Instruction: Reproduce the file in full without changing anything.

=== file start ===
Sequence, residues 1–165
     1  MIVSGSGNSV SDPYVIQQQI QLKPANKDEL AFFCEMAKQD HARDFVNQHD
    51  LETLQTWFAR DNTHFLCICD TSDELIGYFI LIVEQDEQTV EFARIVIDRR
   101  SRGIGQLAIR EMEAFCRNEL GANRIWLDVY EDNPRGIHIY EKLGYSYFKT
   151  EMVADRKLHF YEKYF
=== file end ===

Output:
Sequence, residues 1–165
     1  MIVSGSGNSV SDPYVIQQQI QLKPANKDEL AFFCEMAKQD HARDFVNQHD
    51  LETLQTWFAR DNTHFLCICD TSDELIGYFI LIVEQDEQTV EFARIVIDRR
   101  SRGIGQLAIR EMEAFCRNEL GANRIWLDVY EDNPRGIHIY EKLGYSYFKT
   151  EMVADRKLHF YEKYF